How to Setup VPC on AWS

You have something hosted on AWS. You have seen the word VPC here and there.

Maybe you are like me and thinking what the heck is this VPC thing?

Well, you have come to the right place. Today we will learn all the basics about VPC(Virtual Private Cloud) and create one ourselves.

Along the way, you will learn some networking basics and also dig deep into AWS infrastructure!

First Things First, What is VPC?

A virtual private cloud can be thought of as a private network inside which all your aws resources will reside. Here resources can be anything from EC2 instance to Database.

Inside your private network, you are the boss. you can set what can be accessed from the outside world or what needs to be private.

Components of VPC

Basic Components of Vpc


Subnets are a way to divide your VPC. You can have some private subnets or some public subnets.

The private subnets will be only accessible from inside the VPC. for instance you don’t want your database to be accessible from anywhere. You want only your trusted applications(Like your backend application) to access that.

Speaking of which your web application can reside inside another subnet that will be public. Because general users will access that.

Each of your subnets will be assigned an auto-generated IP address.

Route Table

Route tables work as a router inside your VPC.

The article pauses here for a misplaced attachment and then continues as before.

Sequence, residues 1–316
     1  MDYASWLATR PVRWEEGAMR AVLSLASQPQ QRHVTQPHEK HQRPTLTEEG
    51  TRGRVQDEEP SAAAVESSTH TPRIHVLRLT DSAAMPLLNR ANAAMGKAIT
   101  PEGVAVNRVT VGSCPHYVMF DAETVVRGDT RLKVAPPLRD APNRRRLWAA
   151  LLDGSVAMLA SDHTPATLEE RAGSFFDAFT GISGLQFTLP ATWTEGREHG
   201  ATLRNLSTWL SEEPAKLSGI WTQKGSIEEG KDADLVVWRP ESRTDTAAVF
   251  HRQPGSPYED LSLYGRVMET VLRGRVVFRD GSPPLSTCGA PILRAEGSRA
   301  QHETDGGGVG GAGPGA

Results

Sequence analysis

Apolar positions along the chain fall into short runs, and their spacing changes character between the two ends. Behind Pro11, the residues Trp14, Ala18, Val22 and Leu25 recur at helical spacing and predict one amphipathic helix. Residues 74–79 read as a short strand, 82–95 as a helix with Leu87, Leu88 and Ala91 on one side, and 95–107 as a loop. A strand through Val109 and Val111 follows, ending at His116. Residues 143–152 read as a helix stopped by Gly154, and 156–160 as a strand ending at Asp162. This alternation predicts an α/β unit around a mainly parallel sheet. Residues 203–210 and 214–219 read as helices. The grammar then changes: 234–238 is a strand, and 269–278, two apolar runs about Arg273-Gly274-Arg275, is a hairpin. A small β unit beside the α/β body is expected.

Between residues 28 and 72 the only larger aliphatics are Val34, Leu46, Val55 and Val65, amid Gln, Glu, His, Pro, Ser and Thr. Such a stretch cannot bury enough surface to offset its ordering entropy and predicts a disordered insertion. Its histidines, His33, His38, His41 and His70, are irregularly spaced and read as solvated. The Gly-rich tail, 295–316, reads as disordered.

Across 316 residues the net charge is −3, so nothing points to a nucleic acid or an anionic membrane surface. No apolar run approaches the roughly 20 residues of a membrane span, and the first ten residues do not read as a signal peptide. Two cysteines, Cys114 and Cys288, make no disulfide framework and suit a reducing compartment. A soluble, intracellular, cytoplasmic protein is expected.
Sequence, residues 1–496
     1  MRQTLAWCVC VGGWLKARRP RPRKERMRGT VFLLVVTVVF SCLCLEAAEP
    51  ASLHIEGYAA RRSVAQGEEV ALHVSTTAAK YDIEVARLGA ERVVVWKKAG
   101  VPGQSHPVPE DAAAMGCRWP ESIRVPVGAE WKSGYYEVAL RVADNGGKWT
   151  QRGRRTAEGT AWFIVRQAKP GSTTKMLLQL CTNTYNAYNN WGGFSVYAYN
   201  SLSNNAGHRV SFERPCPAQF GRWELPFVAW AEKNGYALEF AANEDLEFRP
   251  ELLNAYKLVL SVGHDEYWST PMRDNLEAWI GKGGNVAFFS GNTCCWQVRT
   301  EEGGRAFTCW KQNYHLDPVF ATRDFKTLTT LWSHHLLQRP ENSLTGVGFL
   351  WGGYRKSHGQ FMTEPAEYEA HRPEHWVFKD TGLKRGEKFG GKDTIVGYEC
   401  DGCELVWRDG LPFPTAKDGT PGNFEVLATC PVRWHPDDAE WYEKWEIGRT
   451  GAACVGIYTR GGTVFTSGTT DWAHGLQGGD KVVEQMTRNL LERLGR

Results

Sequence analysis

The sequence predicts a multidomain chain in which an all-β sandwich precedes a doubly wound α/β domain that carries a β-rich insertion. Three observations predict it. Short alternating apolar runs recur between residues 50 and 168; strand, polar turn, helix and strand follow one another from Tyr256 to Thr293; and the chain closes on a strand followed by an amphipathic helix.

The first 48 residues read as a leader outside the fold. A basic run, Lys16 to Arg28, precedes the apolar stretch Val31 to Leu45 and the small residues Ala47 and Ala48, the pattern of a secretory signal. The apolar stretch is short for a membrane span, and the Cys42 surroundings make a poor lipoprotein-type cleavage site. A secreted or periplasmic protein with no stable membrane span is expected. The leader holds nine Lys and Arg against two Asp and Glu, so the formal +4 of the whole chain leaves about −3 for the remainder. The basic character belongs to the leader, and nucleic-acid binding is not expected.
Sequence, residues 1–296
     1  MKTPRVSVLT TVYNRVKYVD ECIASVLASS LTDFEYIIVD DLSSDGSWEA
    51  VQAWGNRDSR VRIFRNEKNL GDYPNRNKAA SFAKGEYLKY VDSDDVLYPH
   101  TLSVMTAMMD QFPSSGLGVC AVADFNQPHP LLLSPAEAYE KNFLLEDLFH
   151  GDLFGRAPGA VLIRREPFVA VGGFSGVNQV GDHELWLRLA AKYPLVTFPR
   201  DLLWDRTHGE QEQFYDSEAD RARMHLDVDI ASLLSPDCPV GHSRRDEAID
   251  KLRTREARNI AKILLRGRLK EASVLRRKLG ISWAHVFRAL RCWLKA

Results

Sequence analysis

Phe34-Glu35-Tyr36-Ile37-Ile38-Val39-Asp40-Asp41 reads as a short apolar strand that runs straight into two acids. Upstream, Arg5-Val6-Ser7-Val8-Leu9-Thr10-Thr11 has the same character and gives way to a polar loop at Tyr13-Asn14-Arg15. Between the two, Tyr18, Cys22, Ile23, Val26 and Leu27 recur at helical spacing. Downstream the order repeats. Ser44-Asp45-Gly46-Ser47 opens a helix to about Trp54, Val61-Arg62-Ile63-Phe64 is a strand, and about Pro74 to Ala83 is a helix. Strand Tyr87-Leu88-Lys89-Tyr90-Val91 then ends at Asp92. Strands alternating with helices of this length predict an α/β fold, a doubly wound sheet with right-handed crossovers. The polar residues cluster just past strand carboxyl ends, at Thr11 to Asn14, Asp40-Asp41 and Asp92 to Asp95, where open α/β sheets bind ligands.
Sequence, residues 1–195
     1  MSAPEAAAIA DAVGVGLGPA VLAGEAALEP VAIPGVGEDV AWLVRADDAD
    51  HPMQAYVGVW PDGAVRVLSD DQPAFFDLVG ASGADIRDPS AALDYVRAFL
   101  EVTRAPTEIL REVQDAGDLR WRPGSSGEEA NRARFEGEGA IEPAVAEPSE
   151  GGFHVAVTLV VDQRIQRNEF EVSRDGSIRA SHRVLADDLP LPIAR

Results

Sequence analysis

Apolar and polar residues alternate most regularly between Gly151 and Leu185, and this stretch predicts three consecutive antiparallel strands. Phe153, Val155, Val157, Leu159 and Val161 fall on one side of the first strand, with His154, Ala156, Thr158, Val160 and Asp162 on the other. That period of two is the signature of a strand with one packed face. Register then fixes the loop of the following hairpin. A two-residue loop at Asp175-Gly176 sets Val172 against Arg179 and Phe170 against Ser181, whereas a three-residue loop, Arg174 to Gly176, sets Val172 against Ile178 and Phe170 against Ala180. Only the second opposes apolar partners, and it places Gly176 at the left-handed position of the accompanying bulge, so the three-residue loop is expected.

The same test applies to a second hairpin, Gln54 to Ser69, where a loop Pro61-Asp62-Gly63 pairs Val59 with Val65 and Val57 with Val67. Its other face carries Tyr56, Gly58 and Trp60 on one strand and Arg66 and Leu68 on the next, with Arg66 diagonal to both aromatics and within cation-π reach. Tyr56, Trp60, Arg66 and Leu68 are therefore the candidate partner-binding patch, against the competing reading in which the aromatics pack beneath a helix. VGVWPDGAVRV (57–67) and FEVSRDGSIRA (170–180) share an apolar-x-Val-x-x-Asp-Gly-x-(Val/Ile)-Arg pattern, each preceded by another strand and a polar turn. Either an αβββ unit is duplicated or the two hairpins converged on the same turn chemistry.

Whenever any resource inside your VPC tries to access another resource located in another IP, it checks the route-table first to see if it has proper permissions to access that resource.

Internet Gateway

The Internet gateway is the gateway to the internet as the name suggests.

Your VPC must have an internet gateway if you want your resources accessible from the internet.

That means the internet gateway will enable our end-users to access the secured resources inside our VPC.

Security Groups

Security groups are just rules who specify how your VPC is accessible.

There we can specify the Rule (TCP or HTTP Or Https or others ) and the port and the permitted resources that can access our VPC.

Now we will get our hands dirty with each of these. You will need an aws account to follow along. You will not be charged for anything we do in this tutorial.

Creating VPC

Go to your AWS console and search VPC. Go in that and click on Create VPC.

Here the IPv4 CIDR block is the important thing to note here. IPV4 address has a total of 4 bytes(8 bits) that are separated dots.

( ). ( ) . ( ) . ( ) (8 bits)

Each byte has 2⁸ or 256 possible values. values start from 0 so available values are 0–255.

So an address can be or another can be

The trailing /16 means the first 16 bits are for the network address. That means all addresses inside this VPC will start their address by using 10.12. (0–255). (0–255) . This is an important thing to keep in mind.

We keep everything else as default and click Create VPC and we are done.

Creating Subnets

Now go to the subnets section from the sidebar. We click Create Subnet

  • We will name this as PublicSubnet as we want this to be a public one (as discussed earlier).

  • We select our newly created VPC from the dropdown

  • Select an availability-zone. These are physical server locations. you choose as you like. > In some instances (Like creating RDS) you may need multiple subnets in different availability-zone.

  • We fill up the IPv4 CIDR block as

  • As we said earlier this subnet is residing inside our VPC whose IPv4 CIDR block started with 10.12. as a result, our subnet must prefix with the same value. For the third block, I chose 13. you may choose any value from 0 to 255.

  • And at the end, we added /24 which means all resources inside this subnet will have an IP address starting with 10.12.13 (total 24 bits fixed) only the last octet will change. So one possible IP address inside this subnet can be AWS will automatically assign this.